Hawking Talking, and More

Gosh, time flies!

I almost did not get to announce this before it was upon us. Tomorrow and the day after combine into a notable event in the College Commons series here at USC. Some of us have been working on this for quite a while. On Tuesday we have Stephen Hawking giving a big public lecture entitled “Out of a Black Hole”. Here’s the announcement. Note that general tickets for seats in Bovard Auditorium all went within hours of us releasing the tickets several weeks ago, but there is room in the two spill rooms that we have set up where there will be screens relaying the talk. Make a bit of an event of it and go with friends! [Update: I forgot to mention that we had a competition in local high schools and also at USC where the prize was to ask Stephen Hawking a question. People submitted questions over the last few weeks and we selected some of the best. There will be three undergraduates and three high school students coming up from the audience (we’ve a lot of high school students visiting us for the talk) to ask him a question each at the end. Should be fun.]

The day after, there will be a related event. Some of us from the physics department (Nick Warner, Elena Pierpaoli, and yours truly) will have a conversation and Q&A moderated by science writer K C Cole about the broader research issues into which fits some of what Stephen will talk about. The event, called loosely “The Origins of the Universe”, and the details are here.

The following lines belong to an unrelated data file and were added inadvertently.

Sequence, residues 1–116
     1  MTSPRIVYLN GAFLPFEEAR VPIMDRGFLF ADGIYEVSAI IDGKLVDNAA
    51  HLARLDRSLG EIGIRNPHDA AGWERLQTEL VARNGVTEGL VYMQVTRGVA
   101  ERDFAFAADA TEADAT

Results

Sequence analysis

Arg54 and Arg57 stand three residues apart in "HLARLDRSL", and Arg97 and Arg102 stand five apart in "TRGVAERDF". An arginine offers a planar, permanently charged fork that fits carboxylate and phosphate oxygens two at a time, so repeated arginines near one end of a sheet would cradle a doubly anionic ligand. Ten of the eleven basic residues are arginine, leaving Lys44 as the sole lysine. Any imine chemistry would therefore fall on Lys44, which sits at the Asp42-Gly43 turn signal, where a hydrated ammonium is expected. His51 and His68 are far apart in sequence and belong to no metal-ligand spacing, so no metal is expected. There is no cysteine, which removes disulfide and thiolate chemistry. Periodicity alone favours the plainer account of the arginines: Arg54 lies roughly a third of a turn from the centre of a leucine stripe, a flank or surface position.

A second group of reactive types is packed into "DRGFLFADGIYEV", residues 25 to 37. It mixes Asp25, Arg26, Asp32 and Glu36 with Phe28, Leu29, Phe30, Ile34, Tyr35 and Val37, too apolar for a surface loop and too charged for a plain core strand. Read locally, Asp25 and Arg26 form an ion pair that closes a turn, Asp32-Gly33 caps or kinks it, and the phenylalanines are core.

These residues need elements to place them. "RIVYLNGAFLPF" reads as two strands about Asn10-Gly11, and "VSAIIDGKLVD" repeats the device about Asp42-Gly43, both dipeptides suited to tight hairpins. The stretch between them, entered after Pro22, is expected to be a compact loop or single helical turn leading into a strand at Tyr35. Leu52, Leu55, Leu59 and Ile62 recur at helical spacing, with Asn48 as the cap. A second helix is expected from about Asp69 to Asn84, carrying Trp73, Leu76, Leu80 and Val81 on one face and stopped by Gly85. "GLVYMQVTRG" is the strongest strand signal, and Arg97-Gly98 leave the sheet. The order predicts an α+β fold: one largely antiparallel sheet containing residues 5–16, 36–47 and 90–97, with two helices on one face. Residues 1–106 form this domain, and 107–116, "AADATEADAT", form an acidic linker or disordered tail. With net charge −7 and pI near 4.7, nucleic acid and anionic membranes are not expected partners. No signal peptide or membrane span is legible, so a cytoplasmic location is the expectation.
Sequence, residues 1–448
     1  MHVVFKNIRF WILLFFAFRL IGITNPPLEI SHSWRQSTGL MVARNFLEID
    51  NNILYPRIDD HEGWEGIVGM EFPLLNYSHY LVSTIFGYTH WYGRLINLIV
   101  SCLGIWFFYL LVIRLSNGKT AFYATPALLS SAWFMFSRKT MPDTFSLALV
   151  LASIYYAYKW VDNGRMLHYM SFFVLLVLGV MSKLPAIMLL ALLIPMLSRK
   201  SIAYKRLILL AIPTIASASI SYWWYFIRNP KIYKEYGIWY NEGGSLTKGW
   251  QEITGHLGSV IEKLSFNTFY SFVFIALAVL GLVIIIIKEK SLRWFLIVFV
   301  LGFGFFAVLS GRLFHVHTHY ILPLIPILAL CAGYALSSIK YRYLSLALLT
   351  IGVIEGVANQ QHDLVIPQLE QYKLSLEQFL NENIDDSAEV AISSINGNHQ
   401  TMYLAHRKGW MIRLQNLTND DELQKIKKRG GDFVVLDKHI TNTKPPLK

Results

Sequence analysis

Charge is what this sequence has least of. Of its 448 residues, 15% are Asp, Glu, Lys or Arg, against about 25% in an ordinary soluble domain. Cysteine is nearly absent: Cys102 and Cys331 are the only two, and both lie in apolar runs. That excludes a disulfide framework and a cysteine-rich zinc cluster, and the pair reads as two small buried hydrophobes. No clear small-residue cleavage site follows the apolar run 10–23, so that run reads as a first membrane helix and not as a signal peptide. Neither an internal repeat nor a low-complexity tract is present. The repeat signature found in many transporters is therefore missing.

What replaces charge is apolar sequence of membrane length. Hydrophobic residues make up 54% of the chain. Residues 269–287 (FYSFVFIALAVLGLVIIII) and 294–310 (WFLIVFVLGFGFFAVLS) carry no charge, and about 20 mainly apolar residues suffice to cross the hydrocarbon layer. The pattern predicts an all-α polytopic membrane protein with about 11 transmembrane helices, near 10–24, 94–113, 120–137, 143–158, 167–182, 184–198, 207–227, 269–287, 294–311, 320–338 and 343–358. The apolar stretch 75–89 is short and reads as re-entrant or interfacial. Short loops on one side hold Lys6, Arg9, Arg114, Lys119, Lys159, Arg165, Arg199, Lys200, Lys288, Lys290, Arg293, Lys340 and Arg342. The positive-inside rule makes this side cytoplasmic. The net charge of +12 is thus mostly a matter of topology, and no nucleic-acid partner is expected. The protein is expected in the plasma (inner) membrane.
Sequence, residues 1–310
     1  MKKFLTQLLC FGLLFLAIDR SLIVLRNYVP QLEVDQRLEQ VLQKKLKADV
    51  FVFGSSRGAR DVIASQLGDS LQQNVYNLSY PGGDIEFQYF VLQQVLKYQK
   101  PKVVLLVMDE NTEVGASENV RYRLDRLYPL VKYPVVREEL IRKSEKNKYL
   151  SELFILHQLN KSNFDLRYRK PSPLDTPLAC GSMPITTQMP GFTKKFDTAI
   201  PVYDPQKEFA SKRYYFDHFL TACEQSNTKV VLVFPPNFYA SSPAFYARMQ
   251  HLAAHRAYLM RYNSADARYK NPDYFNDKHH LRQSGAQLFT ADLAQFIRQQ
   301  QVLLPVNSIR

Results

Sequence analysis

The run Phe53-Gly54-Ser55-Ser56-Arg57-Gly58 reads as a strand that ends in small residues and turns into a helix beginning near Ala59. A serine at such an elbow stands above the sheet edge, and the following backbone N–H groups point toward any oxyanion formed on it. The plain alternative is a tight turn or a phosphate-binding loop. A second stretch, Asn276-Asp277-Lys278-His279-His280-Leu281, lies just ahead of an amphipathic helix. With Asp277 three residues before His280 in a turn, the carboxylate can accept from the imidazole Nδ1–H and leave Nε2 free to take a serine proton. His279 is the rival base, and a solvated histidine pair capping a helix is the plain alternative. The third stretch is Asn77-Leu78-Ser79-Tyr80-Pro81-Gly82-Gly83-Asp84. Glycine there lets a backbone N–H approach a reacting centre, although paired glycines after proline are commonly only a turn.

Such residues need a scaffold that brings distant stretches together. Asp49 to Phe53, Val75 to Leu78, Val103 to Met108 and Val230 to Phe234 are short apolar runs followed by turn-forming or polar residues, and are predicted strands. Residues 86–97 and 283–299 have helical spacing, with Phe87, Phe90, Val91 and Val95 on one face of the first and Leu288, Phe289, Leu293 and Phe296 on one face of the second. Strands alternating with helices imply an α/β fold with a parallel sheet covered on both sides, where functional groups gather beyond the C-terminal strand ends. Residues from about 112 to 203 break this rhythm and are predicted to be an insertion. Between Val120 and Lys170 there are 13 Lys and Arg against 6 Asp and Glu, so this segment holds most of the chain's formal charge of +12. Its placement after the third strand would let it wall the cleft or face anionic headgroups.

Should be a fun and informative couple of days!

-cvj

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6 Responses to Hawking Talking, and More

  1. Bilal Shaw says:

    Wow, your talk for March 10th is already old out! 🙁

  2. Adam says:

    well, prof. hawkings comments today were quite interesting, as I’m sure you saw, particularly (for those who are concerned with such questions) the question about first cause and creation.

    maybe you’ll blog about this later, but what is your take on Feynman’s black hole probability argument (about which I know little)? I went to a talk of Hawking’s last year too and he was pretty pessimistic about string theory. Do physicists in your field feel similarly about quantum gravity theories, or is there the idea that the fields (of physics) are really describing the same thing?

  3. Clifford says:

    Truth be told I haven’t a clue what he was talking about as his claimed resolution of the information paradox. The clearest insight we’ve had into the issue has come from work in string theory and he went out of his way to not mention it at all, amusingly.

    -cvj

  4. Elliot Tarabour says:

    I have found his later work in Quantum Cosmology a good deal less coherent than some of his earlier contributions. That said, his simple survival to this point with ALS is a truly amazing story.

    e.

  5. Chuck says:

    hey, does anyone know, is he really talking?
    I have read more then once that his condition had gotten to the point (this is already over a decade ago) that only one or two people can understand him and translate what he’s saying.
    That the process is so laborious and limited, I just wonder if he’s really ‘giving the lecture’ or if he’s simply present at the reading of something that he contributed to, but is more the work of a ghost writer then Dr. Hawkings.
    I dont ask this with any malice, I promise! Great respect for his earlier works!
    So, anyone know for sure if its ‘really’ his lecture?

  6. Clifford says:

    Yes, it is his lecture. The computer reads his words out for him. Just like we can’t hear your voice here, but you are using a computer to “speak” for you by typing onto the screen. That we are reading your words rather than hearing your voice does not make it any less _your_ speech.

    I hope that helps.

    -cvj